4 Chirrut carries a lightbow and a staff

Lightbow Bowcaster Chirrut Imwe Scarif Star Wars Rogue One

With the furious frenzy of fast-paced action sequences in Rogue One, one might accidentally assume that Chirrut uses a single multi-purpose weapon. However, he carries two weapons at his side, a staff and a lightbow. Both weapons are unique to Rogue One, yet they also resemble weapons we’ve seen on screen before, like Chewie’s deadly Bowcaster and Rey’s durable staff. Although Chirrut relies openly on his staff, he keeps his lightbow concealed most of the time.

The lightbow is a traditional weapon for the Guardians of the Whills. In Rogue One: The Ultimate Visual Guide, the lightbow is built by a Guardian of the Whills, “upon completion of the seventh duan—marking the Guardian’s progression to physical perfection.” The lightbow is described as being a handcrafted weapon, and known for being a complicated form of bowcaster that is native to Jedha. To stabilize the weapon, Chirrut uses an impeller gauntlet around his hand, and then pulls back on the handle. The opposing polarizer limbs are then deployed, and the impeller helps give Chirrut a sense of feedback. Powered by a diatium power cell, the weapon releases a blast that is more powerful and intense than a heavy rifle.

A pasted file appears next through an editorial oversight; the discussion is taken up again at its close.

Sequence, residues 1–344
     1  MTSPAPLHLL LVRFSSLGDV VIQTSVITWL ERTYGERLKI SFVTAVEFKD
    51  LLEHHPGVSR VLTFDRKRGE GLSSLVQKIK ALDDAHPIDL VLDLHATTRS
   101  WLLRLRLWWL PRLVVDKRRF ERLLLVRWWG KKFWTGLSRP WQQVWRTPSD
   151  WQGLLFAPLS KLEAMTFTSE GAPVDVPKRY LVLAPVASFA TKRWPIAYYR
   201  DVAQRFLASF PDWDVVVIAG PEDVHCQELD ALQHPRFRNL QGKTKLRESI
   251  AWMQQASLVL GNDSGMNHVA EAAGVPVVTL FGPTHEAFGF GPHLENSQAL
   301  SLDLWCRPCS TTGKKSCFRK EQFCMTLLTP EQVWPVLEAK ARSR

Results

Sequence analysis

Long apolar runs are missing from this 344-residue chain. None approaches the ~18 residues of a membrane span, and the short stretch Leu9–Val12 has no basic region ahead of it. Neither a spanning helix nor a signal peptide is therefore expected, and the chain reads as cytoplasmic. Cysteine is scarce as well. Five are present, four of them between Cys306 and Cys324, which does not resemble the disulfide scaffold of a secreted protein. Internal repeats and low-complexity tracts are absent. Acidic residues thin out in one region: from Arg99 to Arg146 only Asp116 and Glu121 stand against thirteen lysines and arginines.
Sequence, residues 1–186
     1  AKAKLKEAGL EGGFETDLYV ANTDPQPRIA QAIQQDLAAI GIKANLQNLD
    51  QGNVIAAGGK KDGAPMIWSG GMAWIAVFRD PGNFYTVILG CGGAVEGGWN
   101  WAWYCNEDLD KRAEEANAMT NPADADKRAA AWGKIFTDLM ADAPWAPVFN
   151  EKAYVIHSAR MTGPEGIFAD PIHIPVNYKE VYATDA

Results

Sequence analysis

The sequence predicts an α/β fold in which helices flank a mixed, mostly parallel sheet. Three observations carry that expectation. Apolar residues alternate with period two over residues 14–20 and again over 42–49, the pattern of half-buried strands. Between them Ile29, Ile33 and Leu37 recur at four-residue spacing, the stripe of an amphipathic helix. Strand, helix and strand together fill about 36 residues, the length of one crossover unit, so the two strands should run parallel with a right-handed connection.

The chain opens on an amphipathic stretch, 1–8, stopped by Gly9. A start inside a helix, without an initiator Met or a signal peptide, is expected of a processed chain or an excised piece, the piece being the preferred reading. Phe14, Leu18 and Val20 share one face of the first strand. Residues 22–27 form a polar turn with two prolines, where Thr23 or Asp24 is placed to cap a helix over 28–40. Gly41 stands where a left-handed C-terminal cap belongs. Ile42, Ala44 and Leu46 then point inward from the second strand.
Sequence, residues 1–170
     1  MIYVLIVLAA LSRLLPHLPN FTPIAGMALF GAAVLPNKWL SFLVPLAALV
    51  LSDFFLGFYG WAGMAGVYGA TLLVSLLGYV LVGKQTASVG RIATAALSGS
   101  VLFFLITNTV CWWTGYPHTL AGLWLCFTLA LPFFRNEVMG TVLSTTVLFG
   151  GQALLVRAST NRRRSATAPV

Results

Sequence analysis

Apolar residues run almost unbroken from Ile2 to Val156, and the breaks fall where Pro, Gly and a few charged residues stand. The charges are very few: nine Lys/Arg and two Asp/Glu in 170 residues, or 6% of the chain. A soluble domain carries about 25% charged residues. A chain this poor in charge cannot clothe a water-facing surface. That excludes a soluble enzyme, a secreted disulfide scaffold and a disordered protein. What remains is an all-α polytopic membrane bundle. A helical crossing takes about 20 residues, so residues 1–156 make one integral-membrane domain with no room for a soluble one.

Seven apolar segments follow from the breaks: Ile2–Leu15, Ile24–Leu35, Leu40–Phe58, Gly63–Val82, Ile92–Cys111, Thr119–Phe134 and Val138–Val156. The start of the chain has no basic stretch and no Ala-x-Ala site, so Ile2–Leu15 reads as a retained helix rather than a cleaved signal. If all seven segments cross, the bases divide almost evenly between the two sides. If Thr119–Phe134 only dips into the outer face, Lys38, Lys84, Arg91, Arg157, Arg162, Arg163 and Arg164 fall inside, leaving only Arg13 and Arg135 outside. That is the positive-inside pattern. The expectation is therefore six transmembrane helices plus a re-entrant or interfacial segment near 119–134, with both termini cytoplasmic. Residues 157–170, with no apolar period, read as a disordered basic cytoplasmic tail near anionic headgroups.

In The Art of Rogue One, sketches from costume designer Glyn Dillon entitled “Chirrut Version 1A” depict the warrior with a hooded mask, pulling back a rough version of the lightbow weapon. Instead of the finalized crossbow design, the original concept was a more traditional-looking bow and arrow design.

3 Chirrut's staff contains a kyber crystal

Jedha Staff Stormtroopers Donnie Yen Chirrut Imwe Star Wars Rogue One

The Rogue One: The Ultimate Visual Guide contains more details about the mysterious weapon used by Chirrut in the film. For instance, we’ve learned that there’s a sliver of a kyber crystal located within the top of Chirrut’s staff. Hidalgo writes, “Chirrut carries a flame-hardened uneti-wood staff to help guide his path… the top is capped with a metal lamp that contains a kyber sliver.” We’re given a glimpse of the staff in action when Chirrut steps out from the ship on Eadu. When you take a closer look, one end of the staff has a crystal containment lamp, and it seems to closely resemble the hilt of a Jedi’s lightsaber.

When he walks out into the darkness, the top of the staff lights his way, emitting a soft glow. In the Visual Guide, it states, “Designed as a symbolic source of inner illumination, it allows Chirrut to better gauge where the end of the staff is, as he can hear both the battery and the crystal harmonic.” This bit of information helps us understand Chirrut’s connection with the Force, and how he uses the staff as a tool to help him in battle. The idea of being able to hear the kyber crystal also alludes to his ability to pinpoint Jyn’s necklace in Jedha. In the film, Chirrut tells Jyn, “The strongest stars have hearts of kyber.” Interestingly enough, in the novelization, Jyn feels the crystal in her necklace begin to burn after hearing his words.

2 There were tons of concept ideas for Chirrut, many of them bald

Armored Chirrut Imwe Baze Malbus Concept Art Star Wars Rogue One